we newts are cross-disciplinarian, aware that our discourse is but one thread of a densely woven fabric, and aware too of the value of being aware of what’s going on in the surrounding threads. so now and then, there’ll be guest scholars to deepen and widen our senses of our contexts. today we have, ta da, ta dah…
word gizzards, with ms etty mology
i’ve dissected so many words it just isn’t funny.
i’ve mounted them on polyporous pith, with silvered pins stuck right through them and detailed notes in indelible ink on tiny card micro-pinned to each one – thousands of ’em, all regimented into phyla, orders, families, genera and species.
i’ve got dozens pickled in 70% alcohol, more pressed between the pages of books and not a few thinly sectioned and dyed with strange effects on microscope slides. been doing it for years. know all about ‘em, and i’m willing to share my encyclopedic knowledge and day to day findings with the rest of you.
but first it’s only natural that you would want to know a little bit about me. i’m thin, sharp, and nasty. i wear nasty coloured knitted things, no stockings and flat shoes. i wear my hair in a nasty tight little knot on top of my hard, pointy little head, and i eat children with a knife and fork after roasting them with the flames of my nostrils. go away, timmy!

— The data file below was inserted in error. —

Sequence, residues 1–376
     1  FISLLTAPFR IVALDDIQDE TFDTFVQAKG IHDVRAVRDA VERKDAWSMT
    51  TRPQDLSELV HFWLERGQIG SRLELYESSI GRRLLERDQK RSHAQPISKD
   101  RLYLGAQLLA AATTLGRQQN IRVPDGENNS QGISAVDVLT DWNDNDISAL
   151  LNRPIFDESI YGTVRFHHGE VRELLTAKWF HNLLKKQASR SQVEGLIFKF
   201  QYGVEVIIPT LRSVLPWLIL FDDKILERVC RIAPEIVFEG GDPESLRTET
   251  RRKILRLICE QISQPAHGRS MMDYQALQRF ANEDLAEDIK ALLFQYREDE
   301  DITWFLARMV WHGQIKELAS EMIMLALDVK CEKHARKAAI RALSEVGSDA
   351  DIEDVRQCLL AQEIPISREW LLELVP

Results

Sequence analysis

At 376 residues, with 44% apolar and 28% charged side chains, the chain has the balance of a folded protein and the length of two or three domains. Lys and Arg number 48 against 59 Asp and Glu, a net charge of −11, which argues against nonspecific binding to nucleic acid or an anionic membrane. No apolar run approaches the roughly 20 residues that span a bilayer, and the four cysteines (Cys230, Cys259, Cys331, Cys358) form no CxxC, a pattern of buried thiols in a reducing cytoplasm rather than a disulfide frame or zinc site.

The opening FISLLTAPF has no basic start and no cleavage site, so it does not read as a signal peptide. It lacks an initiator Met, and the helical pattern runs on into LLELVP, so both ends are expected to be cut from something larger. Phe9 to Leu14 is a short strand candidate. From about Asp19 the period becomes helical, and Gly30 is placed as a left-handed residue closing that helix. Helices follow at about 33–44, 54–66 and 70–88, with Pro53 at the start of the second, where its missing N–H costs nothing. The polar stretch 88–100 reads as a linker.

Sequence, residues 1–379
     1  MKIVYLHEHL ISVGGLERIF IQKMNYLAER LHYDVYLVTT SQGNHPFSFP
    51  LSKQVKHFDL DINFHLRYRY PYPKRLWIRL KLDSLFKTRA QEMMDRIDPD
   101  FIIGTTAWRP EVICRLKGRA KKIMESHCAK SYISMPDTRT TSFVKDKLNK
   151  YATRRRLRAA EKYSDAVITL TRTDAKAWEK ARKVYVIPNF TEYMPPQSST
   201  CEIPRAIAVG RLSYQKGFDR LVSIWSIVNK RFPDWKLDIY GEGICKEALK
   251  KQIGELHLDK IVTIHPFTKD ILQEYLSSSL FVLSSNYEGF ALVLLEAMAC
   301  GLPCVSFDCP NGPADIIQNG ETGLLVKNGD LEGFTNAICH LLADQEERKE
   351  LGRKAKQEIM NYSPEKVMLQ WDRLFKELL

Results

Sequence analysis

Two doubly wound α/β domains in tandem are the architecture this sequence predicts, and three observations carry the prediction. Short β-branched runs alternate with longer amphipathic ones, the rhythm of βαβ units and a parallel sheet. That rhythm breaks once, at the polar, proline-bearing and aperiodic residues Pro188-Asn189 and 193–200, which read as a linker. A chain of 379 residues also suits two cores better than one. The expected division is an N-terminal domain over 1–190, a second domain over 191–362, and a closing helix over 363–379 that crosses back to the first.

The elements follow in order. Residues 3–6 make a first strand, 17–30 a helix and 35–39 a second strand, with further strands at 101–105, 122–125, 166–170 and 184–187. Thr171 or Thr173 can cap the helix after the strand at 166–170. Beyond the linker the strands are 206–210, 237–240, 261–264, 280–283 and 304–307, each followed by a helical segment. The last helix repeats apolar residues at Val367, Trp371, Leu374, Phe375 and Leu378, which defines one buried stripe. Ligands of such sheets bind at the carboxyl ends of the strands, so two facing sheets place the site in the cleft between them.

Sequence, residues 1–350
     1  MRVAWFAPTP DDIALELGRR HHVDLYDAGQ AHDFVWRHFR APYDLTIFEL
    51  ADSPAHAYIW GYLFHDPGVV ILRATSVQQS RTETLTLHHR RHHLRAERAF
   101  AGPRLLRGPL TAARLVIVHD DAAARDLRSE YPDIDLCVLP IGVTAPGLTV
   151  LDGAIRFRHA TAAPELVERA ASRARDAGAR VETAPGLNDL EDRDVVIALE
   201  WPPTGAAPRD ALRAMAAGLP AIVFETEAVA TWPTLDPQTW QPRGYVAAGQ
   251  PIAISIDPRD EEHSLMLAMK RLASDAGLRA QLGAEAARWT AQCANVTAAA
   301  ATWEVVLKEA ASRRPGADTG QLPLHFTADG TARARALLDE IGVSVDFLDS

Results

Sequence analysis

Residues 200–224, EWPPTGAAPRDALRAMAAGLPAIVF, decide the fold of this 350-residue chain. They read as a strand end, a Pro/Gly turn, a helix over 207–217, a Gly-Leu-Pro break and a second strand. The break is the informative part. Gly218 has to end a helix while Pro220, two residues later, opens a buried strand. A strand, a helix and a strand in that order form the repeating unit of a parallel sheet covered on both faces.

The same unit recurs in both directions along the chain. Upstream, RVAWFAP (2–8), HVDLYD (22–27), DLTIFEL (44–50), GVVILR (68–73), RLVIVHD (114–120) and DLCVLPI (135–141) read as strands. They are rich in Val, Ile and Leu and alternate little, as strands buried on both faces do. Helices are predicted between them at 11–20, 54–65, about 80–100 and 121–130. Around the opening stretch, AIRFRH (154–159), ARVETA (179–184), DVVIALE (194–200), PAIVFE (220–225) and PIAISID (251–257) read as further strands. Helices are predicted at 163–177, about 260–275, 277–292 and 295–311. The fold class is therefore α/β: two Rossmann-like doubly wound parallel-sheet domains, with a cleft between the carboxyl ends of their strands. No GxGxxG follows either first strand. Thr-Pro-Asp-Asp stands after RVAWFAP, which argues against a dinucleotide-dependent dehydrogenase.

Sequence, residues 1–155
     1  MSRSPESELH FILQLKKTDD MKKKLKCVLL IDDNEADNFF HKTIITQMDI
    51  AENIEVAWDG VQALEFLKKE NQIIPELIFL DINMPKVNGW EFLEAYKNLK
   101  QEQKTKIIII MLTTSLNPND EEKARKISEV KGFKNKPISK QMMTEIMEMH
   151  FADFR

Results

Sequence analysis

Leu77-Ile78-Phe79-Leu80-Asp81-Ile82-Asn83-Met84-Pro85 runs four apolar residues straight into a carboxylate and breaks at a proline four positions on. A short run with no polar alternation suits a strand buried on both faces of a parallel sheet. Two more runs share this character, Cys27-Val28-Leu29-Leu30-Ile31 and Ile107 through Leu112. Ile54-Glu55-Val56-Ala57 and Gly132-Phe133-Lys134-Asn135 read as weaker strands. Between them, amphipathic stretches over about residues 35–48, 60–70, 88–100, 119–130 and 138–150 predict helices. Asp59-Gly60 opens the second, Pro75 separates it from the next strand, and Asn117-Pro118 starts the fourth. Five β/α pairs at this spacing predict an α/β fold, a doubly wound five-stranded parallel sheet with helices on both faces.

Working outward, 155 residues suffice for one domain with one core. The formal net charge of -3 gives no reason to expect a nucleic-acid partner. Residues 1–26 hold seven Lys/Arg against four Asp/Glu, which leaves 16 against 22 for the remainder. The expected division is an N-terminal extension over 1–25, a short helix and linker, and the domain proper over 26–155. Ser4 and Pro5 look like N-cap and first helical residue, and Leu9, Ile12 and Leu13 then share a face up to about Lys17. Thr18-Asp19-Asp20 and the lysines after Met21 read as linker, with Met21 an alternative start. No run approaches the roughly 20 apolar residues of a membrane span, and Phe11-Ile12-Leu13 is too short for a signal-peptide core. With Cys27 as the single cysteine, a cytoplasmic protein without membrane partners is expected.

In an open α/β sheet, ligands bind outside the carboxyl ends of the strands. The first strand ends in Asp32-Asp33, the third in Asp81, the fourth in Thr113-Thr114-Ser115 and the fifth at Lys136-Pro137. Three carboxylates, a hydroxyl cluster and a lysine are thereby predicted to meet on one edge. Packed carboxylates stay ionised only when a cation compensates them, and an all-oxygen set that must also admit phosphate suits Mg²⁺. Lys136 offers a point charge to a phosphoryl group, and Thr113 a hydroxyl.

in a word, i’m grimm, and my spirit guides are grimm and my work is grimm and my findings are as grimm as all get out.
here are my observations concerning words i encounter as i learn the languages i scrutinise to tousle etymology from. to understand me you have to
1. set aside what you or anyone else already believes
2. take a deep breath
3. read a statement – any you encounter in any text explaining the origins of or history of or derivations of words. mine or yours or anyone’s. make sure you understand just what it means.
4. apply a veracity rating to the statement according to whatever critically considered and frequently revisited and updated criteria you consider most relevant (not necessarily what it says in some book). is it factual and if so is it true? is it an opinion and if so is it supported by your own knowledge, or are reasons and are those reasons sound, unsound, not enough to go on…
5. compare with accepted dogmas, and prevailing academic opinions, as to all these points of veracity. be scrupulously fair or have bad dreams for a week or until you repent. snark. snark.
6. say in as many different accents as you can manage all words in quotation marks. really push the envelope there, exaggerate. satirical, mocking, comic, whatever, all the way to the very outer limits of possibility. e.g., sheep can be anything from ship, shoop, shuwp to shape, shipe and shoipe. savour each one. who would say it like that? can you locate a particular pronunciation with a particular region, dialect, ethnic group, school? refer to your OED where it says there’s only one or at most two pronunciations for each word – the one (or ones) native to a few of the politically dominant ethnic minorities and people under their influence. apply a veracity rating to that, earthling. is it true? obviously not. is it an opinion? yes. supported by argument? no. it is therefore not an academically acceptable statement. oxford scholars don’t know, they’re just making mis-educated guesses grossly impaired by outmoded traditions. you can make better ones from your own bases, and i’m showing you how to beginning building one.